Turkey’s Zero Sum Foreign Policy
In the past three decades, four militaries and insurgent groups bracket fired American forces deployed abroad. In three cases, this ended badly for the attacker. The Islamic State, the Taliban, and the Wagner Group all suffered from devastating airstrikes in response, punishing those that chose to open fire on American positions. The fourth military, however, escaped unscathed. Turkey is a NATO ally, and so the idea that the United States would respond with force to Turkish artillery fire is unthinkable. Yet during Ankara’s 2019 operation in northeastern Syria, Turkish units repeatedly fired close to U.S. forces, risking the lives of American soldiers without a formal military response.
Ankara’s aggressive actions in Syria are indicative of a much broader trend in Turkish decision-making and a telling sign of how Ankara views its relationship with the United States. After these events, the narrative focused on the details of the engagement. Washington quietly chastised Ankara. Turkish military leaders repeated that they take the utmost care when conducting military operations and never kill civilians. Turkish pundits pointed out that that targeting of U.S. positions was, in fact, America’s fault for being so close to Syrian Kurdish forces. This framing is not wrong. Turkey has legitimate grievances over America’s policy in Syria. Washington, too, has legitimate grievances over Turkey’s approach to Islamic State. However, this focus on minute, tangential issues masks a much more troubling trend: Turkish President Recep Tayyip Erdogan is willing to risk the lives of U.S. soldiers and use aggression to try and wrest concessions from both foes and allies alike.
Turkey’s foreign policy, therefore, has become nakedly transactional and zero-sum in almost every respect. This means that there is no broad rapprochement in the making for Turkish-Western relations. Instead, Western policymakers should adapt to the status quo, wherein Ankara views its ties with Moscow, Brussels, Washington, and Beijing as equally important — and will work with actors wherever government-to-government ties are deemed beneficial to Ankara’s interests.
Washington has yet to fully internalize this shift in Turkish policy and understand how Ankara’s drive for political autonomy allows Erdogan to use Turkey’s membership in NATO — and historic alliance with the United States — to gain leverage. Ankara counts on Western leaders getting lost in debates about how “to handle Turkey” and ultimately deciding that some coercive response is necessary when Ankara does things that undermine Western interests. But inevitably that coercive response has to be calibrated because Ankara is a NATO ally. Turkey takes advantage of this asymmetry to challenge Western interests when Ankara has determined that such action is advantageous for its own regional priorities.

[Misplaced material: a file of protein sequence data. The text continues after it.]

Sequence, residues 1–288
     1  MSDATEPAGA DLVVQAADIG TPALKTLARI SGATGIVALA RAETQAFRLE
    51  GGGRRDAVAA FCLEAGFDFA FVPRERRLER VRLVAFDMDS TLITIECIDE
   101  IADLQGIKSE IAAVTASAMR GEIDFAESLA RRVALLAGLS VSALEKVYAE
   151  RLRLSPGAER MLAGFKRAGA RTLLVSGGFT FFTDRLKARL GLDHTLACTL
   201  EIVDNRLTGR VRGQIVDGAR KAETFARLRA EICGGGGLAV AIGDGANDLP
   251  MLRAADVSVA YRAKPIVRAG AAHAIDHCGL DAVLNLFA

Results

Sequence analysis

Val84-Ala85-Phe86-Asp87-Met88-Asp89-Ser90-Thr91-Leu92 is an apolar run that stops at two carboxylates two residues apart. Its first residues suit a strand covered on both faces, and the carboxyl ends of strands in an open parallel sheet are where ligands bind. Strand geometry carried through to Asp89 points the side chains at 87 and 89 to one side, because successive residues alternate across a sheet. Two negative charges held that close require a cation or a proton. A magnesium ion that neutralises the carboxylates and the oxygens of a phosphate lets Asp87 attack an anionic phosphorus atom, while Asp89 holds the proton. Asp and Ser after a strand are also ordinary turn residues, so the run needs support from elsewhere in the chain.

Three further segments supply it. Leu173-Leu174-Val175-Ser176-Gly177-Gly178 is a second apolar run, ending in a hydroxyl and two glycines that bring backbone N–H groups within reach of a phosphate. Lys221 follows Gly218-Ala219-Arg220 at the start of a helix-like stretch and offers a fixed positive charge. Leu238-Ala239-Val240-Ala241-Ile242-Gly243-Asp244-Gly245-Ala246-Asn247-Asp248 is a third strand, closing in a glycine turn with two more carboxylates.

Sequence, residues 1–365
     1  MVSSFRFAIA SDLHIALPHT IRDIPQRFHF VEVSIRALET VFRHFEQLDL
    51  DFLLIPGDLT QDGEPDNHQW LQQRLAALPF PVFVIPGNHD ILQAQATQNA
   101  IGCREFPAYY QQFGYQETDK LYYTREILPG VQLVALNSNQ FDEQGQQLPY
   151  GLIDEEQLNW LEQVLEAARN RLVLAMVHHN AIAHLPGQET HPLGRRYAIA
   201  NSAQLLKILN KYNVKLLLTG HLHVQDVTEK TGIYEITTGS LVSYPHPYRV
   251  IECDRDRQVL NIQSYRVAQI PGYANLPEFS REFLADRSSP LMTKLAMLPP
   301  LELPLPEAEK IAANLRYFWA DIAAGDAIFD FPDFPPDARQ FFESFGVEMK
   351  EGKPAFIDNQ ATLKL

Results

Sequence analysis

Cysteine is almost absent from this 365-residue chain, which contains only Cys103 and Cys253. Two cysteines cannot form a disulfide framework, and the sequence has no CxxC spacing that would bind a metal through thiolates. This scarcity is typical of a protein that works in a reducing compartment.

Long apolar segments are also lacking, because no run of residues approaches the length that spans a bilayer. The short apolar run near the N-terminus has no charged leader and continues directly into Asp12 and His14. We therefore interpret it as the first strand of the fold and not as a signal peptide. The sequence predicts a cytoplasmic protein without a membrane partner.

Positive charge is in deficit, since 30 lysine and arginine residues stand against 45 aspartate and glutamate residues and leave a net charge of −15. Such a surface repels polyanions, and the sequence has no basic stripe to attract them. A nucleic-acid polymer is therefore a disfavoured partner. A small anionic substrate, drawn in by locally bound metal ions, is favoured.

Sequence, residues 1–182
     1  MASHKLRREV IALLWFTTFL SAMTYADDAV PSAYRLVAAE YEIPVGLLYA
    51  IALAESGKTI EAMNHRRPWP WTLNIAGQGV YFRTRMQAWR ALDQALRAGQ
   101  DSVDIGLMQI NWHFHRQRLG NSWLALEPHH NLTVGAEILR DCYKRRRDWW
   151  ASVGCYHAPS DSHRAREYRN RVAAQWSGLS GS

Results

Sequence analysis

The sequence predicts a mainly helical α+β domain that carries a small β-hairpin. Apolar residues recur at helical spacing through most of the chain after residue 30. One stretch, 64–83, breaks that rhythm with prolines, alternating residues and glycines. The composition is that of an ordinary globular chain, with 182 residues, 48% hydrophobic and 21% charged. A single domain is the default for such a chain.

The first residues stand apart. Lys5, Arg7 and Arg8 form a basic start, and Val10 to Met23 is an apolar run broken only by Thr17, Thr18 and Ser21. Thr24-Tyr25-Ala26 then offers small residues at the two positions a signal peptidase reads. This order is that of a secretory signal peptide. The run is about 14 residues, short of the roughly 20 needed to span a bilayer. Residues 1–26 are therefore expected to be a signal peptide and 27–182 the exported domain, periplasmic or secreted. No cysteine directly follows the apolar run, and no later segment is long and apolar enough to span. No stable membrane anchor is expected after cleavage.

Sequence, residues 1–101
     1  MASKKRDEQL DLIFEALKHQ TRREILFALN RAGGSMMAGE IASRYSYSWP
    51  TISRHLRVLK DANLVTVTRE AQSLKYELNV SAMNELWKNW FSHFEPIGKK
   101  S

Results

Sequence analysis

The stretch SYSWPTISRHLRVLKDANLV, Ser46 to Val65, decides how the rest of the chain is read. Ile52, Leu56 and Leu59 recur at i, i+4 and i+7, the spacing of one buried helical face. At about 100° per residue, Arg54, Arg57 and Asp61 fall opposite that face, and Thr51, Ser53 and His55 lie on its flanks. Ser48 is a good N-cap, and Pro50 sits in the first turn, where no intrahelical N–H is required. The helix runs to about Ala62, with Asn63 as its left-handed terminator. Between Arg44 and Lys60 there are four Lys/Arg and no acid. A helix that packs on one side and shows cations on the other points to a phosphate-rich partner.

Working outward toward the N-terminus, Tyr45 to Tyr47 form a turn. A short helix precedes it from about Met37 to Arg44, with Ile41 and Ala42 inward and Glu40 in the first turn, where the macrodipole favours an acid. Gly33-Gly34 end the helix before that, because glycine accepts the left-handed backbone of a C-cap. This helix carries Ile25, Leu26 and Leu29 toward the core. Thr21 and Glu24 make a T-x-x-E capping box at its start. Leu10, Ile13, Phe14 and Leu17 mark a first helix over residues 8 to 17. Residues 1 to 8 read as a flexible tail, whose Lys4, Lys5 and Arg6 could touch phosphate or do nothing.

The frustrating thing for many in Washington in Brussels is that there is little — if anything — that can be done to manage Turkey and its foreign policy aspirations. Erdogan has proved that he will risk killing Americans so long that he can achieve his country’s security policies. When faced with a leader completely willing to disregard the reaction of its allies, Washington will be forced to respond to Turkish actions. The long-lasting outcome of these actions, however, is the cumulative disintegration of the key pillars, such as military cooperation, that have supported the U.S.-Turkish relationship for decades. This, in turn, ensures that grievance and disagreement will dictate day-to-day interactions between Turkey and its historical Western allies going forward.
The Roots of the Crisis
Turkish-Western relations have never been entirely copacetic. The two-sides have clashed over Cyprus and human rights and democracy issues. However, for close to four decades, Ankara and the West were aligned on the need to collectively prepare for war against the Soviet Union. To do so, Ankara depended on the United States for arms, funding, and equipment, while Washington turned to Turkey to pin down Warsaw Pact formations along NATO’s eastern flank. The end of the Cold War changed this dynamic. Turkey, naturally, sought to take advantage of the peace dividend and to carve out export markets for its growing numbers of private businesses and manufactures.
The main, systemic reason for current Turkish-Western tensions today stems from a mismatched understanding of threats. In particular, much of Europe, along with Washington, viewed al-Qaeda and its many offshoots, including the Islamic State, as the main threat to Western societies. Turkey, in contrast, has struggled with an ethnic insurgency and the terrorist attacks the Kurdistan Workers’ Party has conducted in Turkey since 1984. During the Cold War, Washington was happy to support Turkey in its fight against this group. During the “Global War on Terror,” however, the divergence between Washington’s focus on al-Qaeda and its offshoots and Turkey’s renewed conflict with the Kurdistan Workers’ Party created the crisis that the two sides face today.